How are child custody arrangements determined?

Child custody arrangements are made during the divorce process. They are not included in prenuptial or postnuptial agreements. These arrangements need a lot of thought that goes into it. First, the best interests of the children should always be put first. The children’s health and safety is the most important factor. Factors that involve the parents must be considered as well. It needs to be determined how much each parent can provide for the child. Custody arrangements are split into physical and legal custody. Physical custody names one parent as the custodial parent after divorce. This means that the child will reside with this parent on a regular basis in their home. Although the child may be able to spend time in their other parent’s home, the custodial parent is the one that they will see more of the time. The non-custodial parent may be given visitation rights or parenting time. However, this depends on a case by case basis since all aspects of the parents’ lives and family are taken into account to decide what is best for the child. Legal custody refers to the ability to make decisions for your child. When parents are given this right, they can decide on important issues for the child’s well-being.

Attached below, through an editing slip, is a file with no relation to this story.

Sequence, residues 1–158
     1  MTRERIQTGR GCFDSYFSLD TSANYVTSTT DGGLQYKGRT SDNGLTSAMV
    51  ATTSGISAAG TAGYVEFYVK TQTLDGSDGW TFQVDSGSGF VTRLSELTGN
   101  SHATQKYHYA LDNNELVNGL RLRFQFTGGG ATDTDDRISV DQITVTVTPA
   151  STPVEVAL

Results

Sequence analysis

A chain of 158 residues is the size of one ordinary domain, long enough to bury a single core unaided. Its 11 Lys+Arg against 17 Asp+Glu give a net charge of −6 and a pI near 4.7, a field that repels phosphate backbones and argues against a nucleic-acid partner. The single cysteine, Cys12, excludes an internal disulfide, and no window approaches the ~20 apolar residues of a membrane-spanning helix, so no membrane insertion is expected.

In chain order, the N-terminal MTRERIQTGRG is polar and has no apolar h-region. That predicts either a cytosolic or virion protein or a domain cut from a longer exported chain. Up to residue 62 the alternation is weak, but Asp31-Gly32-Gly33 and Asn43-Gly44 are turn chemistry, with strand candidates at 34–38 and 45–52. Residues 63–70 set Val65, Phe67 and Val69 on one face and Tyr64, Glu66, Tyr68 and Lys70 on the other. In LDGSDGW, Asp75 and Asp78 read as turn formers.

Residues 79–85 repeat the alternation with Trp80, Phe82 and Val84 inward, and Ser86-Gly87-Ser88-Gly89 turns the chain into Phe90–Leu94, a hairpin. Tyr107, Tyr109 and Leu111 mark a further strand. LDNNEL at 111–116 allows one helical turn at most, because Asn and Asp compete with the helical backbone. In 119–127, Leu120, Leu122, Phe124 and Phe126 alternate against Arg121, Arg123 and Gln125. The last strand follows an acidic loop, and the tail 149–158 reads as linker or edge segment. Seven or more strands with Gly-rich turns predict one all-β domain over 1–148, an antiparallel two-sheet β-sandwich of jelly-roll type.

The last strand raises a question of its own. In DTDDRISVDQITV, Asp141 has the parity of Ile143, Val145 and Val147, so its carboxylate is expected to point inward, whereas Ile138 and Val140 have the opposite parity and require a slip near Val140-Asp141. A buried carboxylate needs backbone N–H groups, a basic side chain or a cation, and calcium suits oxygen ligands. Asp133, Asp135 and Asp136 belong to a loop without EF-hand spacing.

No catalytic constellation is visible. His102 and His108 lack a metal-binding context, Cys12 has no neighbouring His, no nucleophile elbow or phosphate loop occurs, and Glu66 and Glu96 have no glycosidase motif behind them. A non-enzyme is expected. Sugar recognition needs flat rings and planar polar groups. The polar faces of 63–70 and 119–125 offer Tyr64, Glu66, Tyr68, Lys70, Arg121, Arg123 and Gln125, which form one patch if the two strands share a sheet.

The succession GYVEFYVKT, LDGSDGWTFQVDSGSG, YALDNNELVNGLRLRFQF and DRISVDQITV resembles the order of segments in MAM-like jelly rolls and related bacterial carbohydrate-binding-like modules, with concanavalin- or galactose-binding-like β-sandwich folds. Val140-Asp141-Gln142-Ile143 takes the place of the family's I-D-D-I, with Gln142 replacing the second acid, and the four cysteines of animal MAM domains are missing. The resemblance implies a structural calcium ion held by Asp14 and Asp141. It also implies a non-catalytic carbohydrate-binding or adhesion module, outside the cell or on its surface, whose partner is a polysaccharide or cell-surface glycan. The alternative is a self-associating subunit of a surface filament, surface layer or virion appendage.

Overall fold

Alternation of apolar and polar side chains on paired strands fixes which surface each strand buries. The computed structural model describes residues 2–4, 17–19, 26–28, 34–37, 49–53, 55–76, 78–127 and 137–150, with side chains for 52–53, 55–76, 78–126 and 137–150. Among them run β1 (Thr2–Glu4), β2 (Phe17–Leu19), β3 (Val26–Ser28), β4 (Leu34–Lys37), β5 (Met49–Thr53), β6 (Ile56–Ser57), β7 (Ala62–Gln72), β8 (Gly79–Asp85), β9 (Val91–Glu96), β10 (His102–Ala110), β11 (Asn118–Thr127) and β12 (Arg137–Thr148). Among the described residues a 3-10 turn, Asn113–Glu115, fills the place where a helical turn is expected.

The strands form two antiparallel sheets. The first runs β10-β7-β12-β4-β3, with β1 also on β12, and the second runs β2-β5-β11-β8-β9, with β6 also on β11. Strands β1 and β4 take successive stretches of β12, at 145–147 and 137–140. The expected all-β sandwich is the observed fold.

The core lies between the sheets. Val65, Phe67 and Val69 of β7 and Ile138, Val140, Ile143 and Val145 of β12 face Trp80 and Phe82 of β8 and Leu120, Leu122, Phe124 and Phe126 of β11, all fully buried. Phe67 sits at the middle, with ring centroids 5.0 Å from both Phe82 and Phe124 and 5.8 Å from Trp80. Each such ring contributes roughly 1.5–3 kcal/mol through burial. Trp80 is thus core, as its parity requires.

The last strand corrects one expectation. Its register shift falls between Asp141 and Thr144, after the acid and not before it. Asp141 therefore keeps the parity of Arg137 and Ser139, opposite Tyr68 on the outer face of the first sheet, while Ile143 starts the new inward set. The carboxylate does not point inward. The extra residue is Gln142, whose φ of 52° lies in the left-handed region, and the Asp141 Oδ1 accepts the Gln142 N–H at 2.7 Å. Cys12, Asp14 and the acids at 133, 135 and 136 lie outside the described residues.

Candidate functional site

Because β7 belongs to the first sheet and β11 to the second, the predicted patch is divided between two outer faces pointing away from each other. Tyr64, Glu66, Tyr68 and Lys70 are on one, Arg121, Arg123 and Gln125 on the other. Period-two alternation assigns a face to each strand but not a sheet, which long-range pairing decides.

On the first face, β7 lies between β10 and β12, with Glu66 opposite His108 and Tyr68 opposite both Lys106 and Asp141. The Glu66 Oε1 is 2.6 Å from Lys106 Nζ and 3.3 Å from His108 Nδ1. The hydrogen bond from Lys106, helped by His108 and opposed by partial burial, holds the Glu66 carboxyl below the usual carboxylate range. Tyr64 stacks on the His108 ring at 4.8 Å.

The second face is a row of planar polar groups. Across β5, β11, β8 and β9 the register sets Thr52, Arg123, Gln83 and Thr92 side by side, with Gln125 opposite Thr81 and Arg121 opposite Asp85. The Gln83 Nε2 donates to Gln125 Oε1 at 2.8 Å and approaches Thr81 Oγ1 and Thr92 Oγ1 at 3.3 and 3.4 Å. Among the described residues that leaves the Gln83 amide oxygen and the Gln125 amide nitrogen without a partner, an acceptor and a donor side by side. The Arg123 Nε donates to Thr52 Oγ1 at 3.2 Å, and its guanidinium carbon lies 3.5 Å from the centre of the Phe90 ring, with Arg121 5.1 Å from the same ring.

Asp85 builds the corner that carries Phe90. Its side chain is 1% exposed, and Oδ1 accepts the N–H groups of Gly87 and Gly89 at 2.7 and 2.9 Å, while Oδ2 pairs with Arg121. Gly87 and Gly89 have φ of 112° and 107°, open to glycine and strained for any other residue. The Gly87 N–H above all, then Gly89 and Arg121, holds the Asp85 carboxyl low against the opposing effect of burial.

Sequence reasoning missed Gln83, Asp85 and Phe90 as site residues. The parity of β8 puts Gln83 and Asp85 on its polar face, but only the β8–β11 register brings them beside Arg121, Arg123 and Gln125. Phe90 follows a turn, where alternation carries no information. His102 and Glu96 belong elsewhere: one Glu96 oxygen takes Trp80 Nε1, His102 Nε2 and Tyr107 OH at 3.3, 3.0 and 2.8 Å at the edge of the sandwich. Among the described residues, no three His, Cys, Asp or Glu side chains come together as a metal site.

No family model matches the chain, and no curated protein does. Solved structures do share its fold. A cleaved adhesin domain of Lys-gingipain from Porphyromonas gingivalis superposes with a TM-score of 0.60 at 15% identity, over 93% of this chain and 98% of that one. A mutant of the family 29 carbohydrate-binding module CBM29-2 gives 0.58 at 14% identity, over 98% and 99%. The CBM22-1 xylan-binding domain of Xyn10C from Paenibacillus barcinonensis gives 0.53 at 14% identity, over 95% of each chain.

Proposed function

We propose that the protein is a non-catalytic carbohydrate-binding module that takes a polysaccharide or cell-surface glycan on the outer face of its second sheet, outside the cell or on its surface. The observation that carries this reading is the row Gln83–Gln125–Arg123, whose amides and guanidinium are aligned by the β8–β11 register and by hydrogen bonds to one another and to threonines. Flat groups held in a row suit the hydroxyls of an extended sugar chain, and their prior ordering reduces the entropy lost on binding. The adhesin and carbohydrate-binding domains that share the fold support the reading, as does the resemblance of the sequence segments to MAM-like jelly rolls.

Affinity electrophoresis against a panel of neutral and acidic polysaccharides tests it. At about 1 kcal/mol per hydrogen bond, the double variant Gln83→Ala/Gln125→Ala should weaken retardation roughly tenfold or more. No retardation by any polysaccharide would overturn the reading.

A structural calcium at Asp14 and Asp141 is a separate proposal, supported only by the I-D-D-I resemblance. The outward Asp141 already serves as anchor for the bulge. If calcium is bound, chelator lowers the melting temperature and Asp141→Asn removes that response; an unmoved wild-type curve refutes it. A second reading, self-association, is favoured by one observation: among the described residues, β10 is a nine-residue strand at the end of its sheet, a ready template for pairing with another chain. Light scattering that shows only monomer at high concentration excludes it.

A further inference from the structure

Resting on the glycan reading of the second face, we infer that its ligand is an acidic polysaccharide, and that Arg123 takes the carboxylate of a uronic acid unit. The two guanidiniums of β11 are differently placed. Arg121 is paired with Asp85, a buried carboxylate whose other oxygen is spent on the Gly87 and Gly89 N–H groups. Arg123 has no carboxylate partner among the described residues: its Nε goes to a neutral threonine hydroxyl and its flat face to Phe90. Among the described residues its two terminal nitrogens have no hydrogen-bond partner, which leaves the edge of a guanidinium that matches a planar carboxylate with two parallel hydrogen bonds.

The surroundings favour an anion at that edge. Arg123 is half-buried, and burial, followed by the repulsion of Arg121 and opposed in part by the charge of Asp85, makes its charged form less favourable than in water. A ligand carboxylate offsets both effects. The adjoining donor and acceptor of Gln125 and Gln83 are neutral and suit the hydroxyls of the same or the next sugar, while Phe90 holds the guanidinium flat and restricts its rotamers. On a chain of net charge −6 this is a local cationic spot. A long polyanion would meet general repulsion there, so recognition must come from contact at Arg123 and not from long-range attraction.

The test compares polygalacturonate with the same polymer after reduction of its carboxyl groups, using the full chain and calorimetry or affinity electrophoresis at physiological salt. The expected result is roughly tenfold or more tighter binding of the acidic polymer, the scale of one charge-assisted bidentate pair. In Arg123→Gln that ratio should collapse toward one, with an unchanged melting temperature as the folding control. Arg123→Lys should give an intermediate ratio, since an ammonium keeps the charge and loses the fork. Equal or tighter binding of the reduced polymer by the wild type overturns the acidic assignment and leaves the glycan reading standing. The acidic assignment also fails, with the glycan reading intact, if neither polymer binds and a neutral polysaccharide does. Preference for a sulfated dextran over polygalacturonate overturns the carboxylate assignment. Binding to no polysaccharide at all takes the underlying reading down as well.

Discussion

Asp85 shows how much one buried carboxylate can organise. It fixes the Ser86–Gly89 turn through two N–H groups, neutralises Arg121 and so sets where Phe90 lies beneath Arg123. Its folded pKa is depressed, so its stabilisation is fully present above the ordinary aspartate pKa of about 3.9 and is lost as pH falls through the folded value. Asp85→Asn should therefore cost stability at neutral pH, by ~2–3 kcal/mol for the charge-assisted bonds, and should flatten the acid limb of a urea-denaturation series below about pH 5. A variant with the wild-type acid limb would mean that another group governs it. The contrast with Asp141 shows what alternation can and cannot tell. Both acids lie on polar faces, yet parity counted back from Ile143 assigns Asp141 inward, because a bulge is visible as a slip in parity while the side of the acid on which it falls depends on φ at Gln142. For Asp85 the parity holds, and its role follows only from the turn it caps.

Divorce can be hard on children since they may not be able to comprehend the full extent of it. It is important to recognize any signs of changed behavior that are present in the child and can have an impact on their overall happiness. The custody arrangement that is made can have a big impact on their behavior. It is important to monitor this. When parents cooperate with one another and act amicably, they may be able to ease the child’s transition. Whether a parent acquires physical or legal custody, they are still able to be involved in their child’s life.

Can my former spouse face consequences for not following custody arrangements?

Custody arrangements are court-ordered agreements. This means that they are legally binding and they must be followed. Parents must follow these arrangements or they may face penalties in retribution of their lack of cooperation. If your former spouse is not cooperating with the agreement that was made, you have the right to file a motion with the court. The judge can review the case and figure out a final decision. Your former spouse may face consequences for their inability to cooperate.

Before taking any sort of legal action, it is important to discuss your legal matter with an experienced attorney. Contact The Radol Law Firm to discuss any divorce and family law matters you may be faced with.